New York, Atlanta and Tokyo : when cities steal the show
Numéro checked out all the new TV series to find the best three original creations, and in their own way each of them pays tribute to a big city.
Atlanta (FX) : the city of hip-hop
Crucible of the civil rights movement and home town of Martin Luther King, Atlanta is a major symbol in the social struggles of the United States. Today it’s also the epicentre of an anti-establishment and eclectic hip-hop scene, from Abra and Iggy Azealia to rapper Young Thug. With this powerful identity it was the perfect choice for Donald Glover – better known by his stage name, Childish Gambino – for his very first production which has us following the daily life of two cousins, Earnest “Earn” Marks and Alfred “Paper Boi”, striving to make their mark on the local rap scene, and the accompanying highs and lows. What follows is a series of questions deeper than their thirst for fame, as they both query their identity beyond the systematic clichés of black rapper/bad boy the mainstream is so keen to reduce them to. After four years of playing in Community and appearances in 30 Rock, Donald Glover is now taking his first incredibly successful steps as director, but also auteur, actor and even producer of his own series. Semi-autobiographical, Atlanta follows in the wake of Insecure also about the often confusing daily existence of young Afro-Americans today. Glover’s comic vein is more subtle than ever with just the right dose of melancholia. After 10 thirty-minute episodes, all both touching and humorous, we definitely want more.
High Maintenance (HBO) : reefer smoke rings from Brooklyn to Queens
It’s hard to do something new about New York, the source of urban inspiration that’s been portrayed from every angle on the big and small screen. HBO owes some of its most resounding successes to the Big Apple: the magical metropolis full of hot men in Sex & The City, then ten years later the irony and realism as portrayed by Lena Dunham in Girls. Much nearer to the latter, High Maintenance focuses on the travels of The Guy, a marijuana dealer who spends his days cycling through the city making deliveries. A nickname behind which hides an outlandish 30-something who takes the viewer on a trip through a colourful and richly contrasting capital. Every episode focuses on the story of one character: a former alcoholic who lives with his daughter and her husband, a young ultra-connected writer, the complicated moving to Queens of a Midwesterner and their dog… The politically incorrect pitch of this new indie nugget is delivered by Ben Sinclair and Katja Blichfeld who’d already developed the concept as a self-funded web series in 2012. They sketch out a biting yet tender portrait of the city, whilst avoiding the clichés thanks to the impartial viewpoint of The Guy, the timely placed man. With weed being the final link between these New Yorkers, from Brooklyn to Manhattan, a web of characters reveals itself, with its share of unexpected commonalities. Enjoy !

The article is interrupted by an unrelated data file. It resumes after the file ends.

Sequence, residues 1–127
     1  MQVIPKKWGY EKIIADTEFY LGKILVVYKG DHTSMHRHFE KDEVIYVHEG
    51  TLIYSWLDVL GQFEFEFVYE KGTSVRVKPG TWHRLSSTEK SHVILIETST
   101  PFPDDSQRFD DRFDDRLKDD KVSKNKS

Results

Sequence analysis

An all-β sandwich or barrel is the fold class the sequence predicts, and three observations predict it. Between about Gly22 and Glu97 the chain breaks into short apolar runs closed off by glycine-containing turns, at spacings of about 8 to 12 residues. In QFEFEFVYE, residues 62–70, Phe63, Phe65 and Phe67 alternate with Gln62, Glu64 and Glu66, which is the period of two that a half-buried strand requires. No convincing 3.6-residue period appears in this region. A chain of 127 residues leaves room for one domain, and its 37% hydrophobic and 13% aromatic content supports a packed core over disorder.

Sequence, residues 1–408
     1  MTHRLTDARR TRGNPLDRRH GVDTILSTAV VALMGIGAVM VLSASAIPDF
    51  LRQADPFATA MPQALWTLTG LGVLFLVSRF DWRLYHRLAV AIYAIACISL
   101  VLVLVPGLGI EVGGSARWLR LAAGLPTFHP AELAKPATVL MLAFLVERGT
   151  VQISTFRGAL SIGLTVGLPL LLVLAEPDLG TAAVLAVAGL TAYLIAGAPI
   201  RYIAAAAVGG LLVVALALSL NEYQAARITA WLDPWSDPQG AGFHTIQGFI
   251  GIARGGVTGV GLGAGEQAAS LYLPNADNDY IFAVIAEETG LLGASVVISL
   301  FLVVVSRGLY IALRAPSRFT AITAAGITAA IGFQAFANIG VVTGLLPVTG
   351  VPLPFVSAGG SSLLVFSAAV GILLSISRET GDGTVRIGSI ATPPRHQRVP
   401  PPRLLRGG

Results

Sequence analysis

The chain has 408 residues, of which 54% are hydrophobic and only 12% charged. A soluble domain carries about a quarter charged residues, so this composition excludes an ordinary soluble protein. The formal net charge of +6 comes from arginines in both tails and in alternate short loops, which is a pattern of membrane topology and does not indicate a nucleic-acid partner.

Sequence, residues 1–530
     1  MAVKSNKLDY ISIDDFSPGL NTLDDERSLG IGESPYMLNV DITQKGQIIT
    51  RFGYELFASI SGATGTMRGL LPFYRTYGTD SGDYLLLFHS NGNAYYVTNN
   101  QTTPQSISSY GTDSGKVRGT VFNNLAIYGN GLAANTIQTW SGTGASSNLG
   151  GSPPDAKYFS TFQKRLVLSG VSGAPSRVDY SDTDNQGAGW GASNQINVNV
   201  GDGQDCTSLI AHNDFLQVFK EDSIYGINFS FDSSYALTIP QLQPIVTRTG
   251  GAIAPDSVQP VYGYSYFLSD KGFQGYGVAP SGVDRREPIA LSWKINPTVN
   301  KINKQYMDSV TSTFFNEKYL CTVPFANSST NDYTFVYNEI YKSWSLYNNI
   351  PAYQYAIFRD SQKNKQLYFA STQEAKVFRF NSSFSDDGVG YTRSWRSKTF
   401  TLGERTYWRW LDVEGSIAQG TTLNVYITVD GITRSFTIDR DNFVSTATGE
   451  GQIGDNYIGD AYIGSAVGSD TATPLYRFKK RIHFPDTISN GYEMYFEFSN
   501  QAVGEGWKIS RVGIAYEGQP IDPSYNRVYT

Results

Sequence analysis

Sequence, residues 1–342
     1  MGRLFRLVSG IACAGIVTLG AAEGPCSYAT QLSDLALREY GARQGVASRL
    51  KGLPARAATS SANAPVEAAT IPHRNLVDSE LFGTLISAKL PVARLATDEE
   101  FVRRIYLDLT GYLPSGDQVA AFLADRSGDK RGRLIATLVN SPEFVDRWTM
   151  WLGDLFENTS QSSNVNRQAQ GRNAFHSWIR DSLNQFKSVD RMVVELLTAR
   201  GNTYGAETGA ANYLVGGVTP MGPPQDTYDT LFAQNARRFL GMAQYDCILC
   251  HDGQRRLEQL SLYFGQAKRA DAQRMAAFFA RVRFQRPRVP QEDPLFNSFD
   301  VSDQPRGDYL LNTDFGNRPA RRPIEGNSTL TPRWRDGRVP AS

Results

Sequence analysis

Midnight Diner - Tokyo Stories (Netflix): the poetry of a nocturnal Tokyo
Originally Midnight Diner was a 15-volume manga by Yarô Abe, which became a best-seller in Japan before making its way on screen. First as three seasons of a TV show, then came two films released in 2015 based around the ultra-efficient dialogue of the Japanese author. A vastly popular success that seemed destined to remain local until Netflix picked it up and produced a new series that’s now accessible to an international audience. Given the minimalism and simplicity of the original story, it’s full of surprises: the narration is centred on a greasy spoon café in the Shinjuku neighbourhood in Tokyo. Customers drift in and out of this warm, popular ambiance, open from midnight ‘til dawn, and the links are gradually woven over cooked meals and glasses of sake. Director Joji Matsuoka introduces the city in an incredibly authentic manner via this place on a street so modest you’d barely notice it. Over ten episodes, the plot unfolds and relationships are delicately woven between individuals with all the modesty that characterises them. Beyond the basic pleasure of discovering Tokyo and its rhythms via this format, the narration’s magic totally works.